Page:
- Another reality is the falling prices in the industries suffering from oversupply reveals a problem of a lack of investment opportunities, not a lack of money.
- This problem is compounded by labour and capital costs which have proved resilient, not falling with the slowdown in economic growth. The problem is especially acute for businesses that in the past relied on low costs to expand. Now with profit margins squeezed, this traditional business model must adapt to the market.
- In the meantime, Chinese businesses must adapt to the new normal. Chinese businesses mistakenly believe that the key to success is obtaining government connections and bank loans. Traditional businesses must adapt to the new market environment, and innovate.
- Chinese businesses lack original thinking. For too long they have copied instead of innovated. This problem stems from traditional Chinese culture, which does not encourage independent thought, but instead hopes everyone follows the written, and unwritten rules.
- Another criticism is that once one Chinese business is successful, other Chinese businesses rush in and copy, which creates industry oversupply, and reduces prices.
- The central bank printing more money does not add value. Reducing reserve requirement ratios or interest rates does not add value. Trading stocks does not add value.
- There are two ways to create value. i.) design new products or services ii.) find new ways to produce existing products or services at a lower cost.
- Chinese businesses should instead focus on core competitiveness. This means producing a product or service that cannot easily be copied. You can take an Apple iPhone apart and copy the components, but you cannot figure out its software, which is derived from in-house R&D. Whereas a Xiaomi phone is simple and easy to copy, everyone knows how it works.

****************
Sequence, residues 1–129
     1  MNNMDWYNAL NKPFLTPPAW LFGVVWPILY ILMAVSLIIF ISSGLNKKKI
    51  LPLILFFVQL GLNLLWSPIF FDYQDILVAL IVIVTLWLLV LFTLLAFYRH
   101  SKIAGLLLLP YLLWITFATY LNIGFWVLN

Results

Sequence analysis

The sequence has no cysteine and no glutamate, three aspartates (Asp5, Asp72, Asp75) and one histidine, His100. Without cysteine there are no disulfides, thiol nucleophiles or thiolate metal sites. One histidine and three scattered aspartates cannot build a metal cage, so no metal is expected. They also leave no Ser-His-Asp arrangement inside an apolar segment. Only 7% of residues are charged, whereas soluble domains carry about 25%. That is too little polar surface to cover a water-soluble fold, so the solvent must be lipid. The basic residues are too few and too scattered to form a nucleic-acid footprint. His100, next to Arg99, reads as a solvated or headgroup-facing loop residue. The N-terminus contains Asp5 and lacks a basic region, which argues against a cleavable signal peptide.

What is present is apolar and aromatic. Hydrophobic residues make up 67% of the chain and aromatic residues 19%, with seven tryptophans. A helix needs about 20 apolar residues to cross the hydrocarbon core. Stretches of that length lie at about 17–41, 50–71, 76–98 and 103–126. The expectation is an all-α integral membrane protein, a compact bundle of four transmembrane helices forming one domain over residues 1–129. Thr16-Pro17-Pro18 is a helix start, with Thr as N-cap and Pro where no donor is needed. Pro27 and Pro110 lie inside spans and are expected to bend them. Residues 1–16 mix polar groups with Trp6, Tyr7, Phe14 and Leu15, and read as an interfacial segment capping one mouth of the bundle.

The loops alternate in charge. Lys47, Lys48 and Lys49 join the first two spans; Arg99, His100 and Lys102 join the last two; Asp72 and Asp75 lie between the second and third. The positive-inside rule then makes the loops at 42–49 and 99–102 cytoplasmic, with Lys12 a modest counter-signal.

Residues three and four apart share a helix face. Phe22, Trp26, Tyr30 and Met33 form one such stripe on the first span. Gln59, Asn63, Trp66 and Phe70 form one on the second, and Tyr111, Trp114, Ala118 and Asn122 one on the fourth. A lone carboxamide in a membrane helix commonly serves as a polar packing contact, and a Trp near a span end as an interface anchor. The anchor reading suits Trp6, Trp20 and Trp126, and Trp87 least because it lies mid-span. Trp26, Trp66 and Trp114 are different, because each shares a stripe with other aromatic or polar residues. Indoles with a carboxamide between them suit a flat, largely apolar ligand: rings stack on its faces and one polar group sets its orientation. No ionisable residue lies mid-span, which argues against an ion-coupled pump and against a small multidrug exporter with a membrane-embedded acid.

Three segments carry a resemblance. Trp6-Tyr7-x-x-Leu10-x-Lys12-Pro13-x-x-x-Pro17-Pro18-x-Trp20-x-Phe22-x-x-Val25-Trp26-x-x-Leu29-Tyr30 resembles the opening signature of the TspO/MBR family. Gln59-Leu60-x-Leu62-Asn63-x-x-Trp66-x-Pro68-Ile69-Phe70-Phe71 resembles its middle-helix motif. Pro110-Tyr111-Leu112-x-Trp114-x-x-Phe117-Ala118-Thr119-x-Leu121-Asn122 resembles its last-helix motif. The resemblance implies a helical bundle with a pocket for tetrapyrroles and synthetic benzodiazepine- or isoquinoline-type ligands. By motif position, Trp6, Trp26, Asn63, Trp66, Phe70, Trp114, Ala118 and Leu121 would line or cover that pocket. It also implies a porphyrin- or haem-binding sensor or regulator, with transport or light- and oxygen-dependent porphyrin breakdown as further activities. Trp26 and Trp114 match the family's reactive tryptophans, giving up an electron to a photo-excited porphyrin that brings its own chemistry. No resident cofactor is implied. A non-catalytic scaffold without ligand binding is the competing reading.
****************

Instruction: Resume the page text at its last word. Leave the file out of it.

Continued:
- The internet is a tool, it should not be elevated to a way of thinking. For example the invention of the steam engine was a big step for the development of mankind, which led to other breakthroughs. But you’ve never heard anyone talk about ‘steam engine thinking’.
- Time for some common sense. You can take a VC’s money and use it to subsidise consumers, and grow a large consumer base. But how can you make money from them? Where’s the added value?
- P2P does not create value, it just links lenders with borrowers. It does not solve the problem of credit risk assessment. Only the likes of Alibaba and Tencent, who have access to big data, can attempt at doing this. But honestly speaking, the quality of this data is poor. They need other data to estimate more accurately borrowers’ risks.
- I’m not against ‘internet +’, but we need to think more originally how to apply this to business, and improve efficiency. Really it should be the other way round, ‘+ internet’. The ‘electronic brain’ (Chinese word for computer), cannot replace the human brain. (‘Internet +’ is a policy which the government is promoting as a way to transform the economy, but which Xu implies is a substitute for real reform).